German Lecture Hall
Photo by Sophie Schröter.

Small Courses and Big Campuses

by Janna Wolf 

Photographs by Janna Wolf and Sophie Schröter 

Imagine you are sitting in a lecture hall, bigger than any you have ever seen before. Around you are no less than 800 other students. The professor is standing in front, talking into his microphone, indicating at some points on the big screen in the middle of the lecture hall. Nobody seems to be listening. Imagine three girls in front of you eating salads while they plan their next weekend trips on their laptops. Some guys have beers they brought from the cafeteria sitting in front of them. They do not even try to be discreet when opening the bottles and toasting to the beginning of the semester. A group of 10 people arrive 20 minutes late. Another group leaves after an hour. All the while, the professor does not pay any attention and just goes on with his lecture. 

If you can visualize all this, you’ll have a pretty good picture of what a regular course at a German university looks like, so you can probably imagine how astonished I was when I first entered an American lecture hall. I am an exchange student from Germany staying in Long Beach for two semesters. Originally I studied in Stuttgart, in the south of Germany. In the first weeks of the semester I not only recognized many differences between studying in Germany and the United States, but got to know a whole new study experience. 

300 germanAlcohol in German lecture hall - Photo by Sophie Schröter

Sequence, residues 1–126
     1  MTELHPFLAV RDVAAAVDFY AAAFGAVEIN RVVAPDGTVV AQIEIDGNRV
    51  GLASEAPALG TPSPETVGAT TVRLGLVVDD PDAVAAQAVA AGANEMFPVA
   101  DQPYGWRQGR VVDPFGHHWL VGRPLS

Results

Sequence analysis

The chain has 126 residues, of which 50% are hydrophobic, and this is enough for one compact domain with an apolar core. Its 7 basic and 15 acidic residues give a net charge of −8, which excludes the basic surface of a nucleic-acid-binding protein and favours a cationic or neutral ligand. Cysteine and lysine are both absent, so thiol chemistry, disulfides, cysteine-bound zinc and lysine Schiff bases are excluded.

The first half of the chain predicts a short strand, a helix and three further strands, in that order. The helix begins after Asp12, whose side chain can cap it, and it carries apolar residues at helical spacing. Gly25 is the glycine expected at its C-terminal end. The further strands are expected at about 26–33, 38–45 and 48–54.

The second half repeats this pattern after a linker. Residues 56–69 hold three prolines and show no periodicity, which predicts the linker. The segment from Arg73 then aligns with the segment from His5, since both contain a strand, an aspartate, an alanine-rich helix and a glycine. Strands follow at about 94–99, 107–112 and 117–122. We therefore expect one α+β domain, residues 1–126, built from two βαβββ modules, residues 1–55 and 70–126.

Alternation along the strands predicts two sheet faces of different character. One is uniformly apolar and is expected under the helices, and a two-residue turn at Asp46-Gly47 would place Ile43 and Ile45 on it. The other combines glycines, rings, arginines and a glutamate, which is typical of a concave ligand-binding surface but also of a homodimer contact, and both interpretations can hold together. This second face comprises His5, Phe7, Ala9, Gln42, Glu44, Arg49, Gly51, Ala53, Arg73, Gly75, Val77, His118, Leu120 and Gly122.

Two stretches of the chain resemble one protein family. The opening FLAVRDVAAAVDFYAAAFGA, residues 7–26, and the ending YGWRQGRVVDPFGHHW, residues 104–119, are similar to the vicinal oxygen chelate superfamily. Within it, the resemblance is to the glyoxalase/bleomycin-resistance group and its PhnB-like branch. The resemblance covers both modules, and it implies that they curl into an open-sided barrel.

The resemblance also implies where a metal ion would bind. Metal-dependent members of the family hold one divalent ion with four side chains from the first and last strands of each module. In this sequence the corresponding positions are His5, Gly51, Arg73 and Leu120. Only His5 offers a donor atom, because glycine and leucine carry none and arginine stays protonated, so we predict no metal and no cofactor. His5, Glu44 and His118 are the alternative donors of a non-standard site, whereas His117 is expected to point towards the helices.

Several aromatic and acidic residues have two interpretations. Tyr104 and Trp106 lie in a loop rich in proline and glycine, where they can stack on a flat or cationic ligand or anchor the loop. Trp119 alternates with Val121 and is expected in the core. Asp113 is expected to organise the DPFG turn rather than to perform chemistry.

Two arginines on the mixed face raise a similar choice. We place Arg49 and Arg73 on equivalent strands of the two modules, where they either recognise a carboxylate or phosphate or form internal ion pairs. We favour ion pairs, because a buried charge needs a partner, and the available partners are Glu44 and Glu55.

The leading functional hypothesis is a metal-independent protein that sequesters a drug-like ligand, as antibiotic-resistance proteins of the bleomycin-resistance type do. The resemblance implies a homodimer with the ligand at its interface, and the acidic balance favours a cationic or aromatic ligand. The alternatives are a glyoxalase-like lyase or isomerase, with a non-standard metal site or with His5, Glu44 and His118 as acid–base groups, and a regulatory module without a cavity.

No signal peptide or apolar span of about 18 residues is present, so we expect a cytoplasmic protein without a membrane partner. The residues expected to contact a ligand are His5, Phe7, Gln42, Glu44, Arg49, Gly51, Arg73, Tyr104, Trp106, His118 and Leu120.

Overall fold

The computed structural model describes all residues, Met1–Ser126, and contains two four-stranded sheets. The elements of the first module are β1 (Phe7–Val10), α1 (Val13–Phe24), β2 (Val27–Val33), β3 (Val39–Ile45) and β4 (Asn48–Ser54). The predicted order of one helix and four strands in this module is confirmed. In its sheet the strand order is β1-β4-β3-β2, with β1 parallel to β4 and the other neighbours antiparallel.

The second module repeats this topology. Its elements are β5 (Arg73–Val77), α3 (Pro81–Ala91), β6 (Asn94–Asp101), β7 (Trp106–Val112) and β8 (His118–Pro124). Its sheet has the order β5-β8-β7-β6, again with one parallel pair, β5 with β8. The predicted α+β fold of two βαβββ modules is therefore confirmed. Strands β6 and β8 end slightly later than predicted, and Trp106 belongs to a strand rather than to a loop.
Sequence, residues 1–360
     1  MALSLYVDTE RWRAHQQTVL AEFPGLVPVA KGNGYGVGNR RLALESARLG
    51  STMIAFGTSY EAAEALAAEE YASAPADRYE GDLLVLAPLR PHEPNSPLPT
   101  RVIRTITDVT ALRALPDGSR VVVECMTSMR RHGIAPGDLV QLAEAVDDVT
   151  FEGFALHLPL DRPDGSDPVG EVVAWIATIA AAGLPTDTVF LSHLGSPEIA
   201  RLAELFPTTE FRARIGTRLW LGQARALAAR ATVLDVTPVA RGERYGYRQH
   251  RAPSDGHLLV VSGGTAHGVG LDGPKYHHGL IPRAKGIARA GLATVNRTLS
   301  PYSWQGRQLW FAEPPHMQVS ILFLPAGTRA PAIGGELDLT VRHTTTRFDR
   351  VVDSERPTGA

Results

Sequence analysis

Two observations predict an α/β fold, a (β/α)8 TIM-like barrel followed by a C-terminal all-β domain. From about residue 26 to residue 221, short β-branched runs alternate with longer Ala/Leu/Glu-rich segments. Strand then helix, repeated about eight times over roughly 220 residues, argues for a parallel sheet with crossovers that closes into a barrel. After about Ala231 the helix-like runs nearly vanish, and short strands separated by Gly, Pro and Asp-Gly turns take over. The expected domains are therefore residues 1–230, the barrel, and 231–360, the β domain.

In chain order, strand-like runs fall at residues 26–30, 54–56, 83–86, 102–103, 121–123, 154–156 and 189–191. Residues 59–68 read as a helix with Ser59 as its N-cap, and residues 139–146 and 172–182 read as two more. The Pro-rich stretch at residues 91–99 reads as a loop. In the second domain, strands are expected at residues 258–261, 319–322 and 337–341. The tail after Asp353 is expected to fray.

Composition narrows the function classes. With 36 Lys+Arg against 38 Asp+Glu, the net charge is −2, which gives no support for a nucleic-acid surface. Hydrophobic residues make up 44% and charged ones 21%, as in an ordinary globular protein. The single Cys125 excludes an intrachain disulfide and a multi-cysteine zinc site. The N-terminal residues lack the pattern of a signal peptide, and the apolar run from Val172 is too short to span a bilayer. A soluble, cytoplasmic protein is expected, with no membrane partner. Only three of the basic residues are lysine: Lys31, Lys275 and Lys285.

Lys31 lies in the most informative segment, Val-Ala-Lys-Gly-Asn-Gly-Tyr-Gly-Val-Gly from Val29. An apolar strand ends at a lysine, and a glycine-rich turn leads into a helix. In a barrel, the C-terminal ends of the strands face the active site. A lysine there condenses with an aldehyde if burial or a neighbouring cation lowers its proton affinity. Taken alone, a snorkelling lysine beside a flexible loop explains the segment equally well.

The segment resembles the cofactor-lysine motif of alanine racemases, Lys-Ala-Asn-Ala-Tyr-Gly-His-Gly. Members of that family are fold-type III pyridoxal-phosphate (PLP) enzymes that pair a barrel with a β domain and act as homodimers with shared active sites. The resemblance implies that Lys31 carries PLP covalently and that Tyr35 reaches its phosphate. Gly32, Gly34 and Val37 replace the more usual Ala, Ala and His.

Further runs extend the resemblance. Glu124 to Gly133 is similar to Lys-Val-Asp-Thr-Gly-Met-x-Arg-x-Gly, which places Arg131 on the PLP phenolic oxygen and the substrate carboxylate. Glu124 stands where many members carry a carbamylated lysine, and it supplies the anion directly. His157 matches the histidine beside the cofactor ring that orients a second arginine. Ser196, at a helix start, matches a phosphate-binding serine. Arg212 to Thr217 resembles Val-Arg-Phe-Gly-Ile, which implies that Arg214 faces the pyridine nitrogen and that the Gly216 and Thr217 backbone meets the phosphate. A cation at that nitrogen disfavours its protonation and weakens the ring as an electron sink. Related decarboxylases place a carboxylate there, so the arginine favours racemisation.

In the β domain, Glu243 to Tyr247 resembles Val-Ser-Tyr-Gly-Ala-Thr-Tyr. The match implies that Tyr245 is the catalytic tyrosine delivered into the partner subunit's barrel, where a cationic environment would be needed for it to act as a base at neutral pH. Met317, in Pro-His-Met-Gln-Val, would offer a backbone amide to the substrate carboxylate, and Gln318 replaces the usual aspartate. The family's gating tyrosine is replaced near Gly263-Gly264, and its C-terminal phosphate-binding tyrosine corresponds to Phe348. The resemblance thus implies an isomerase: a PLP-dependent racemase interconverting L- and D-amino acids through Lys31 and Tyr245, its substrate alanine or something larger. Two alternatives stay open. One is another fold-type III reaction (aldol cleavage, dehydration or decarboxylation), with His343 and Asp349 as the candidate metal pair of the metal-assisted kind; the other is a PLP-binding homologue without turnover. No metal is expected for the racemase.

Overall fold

First of all, there is the university itself. Most of you probably do not notice, but the Long Beach campus is huge and beautiful–especially compared to most of the campuses in Germany. You will not find any rolled turfs and fountains there. To be honest, a thing like a campus does not really exist either. Usually the university buildings are more or less spread over the city. Sometimes you have to drive through the whole town to get to your next class and there is no such thing as a shuttle or a campus police to call for an escort. 

Here is some hard news for the sports fans among you: There are no competitive university sports in Germany.

Here is some hard news for the sports fans among you: There are no competitive university sports in Germany. Usually the university offers a sports program, but it is only recreational and is held in a small sports arena. Some universities organize sports events like team races, but most of the time it is more about drinking than it is about the sports. It is actually kind of funny to see all the parties on the campus without anyone getting drunk. At my home university, we have an event that is comparable to the Week of Welcome, except that almost every group dispenses beer, wine or even cocktails. You can probably imagine what that leads to in the end. 

At German universities, there is just one important rule: at the end of the semester you have to get through your exam. Nobody really cares how you manage that. At this point I have to admit that it is simply amazing how much extra service the universities in the United States offer: a fitness center, bowling alley and several swimming pools, including a jacuzzi? We can only dream about that in Germany. 

But in the end, American students do pay for all the extra service with their student fee. Studying here is expensive–I had to learn that the hard way in my first few weeks. It is not only the student fee, but all the small things that sum up over the semester: all the textbooks, the parking permit, the TAP card for the bus.

 300 american
Small CSULB classroom. Photo by Janna Wolf.

When you study in the United States as a German student, everything seems more intense. In some instances this is positive, like when it comes to the fitness center, the countless clubs and the competitive sport teams with their own arena. I have not yet decided if I like the small classes; they definitely have their drawbacks, such as when every professor knows your first name. Professors in Germany are not even allowed to talk to me like that.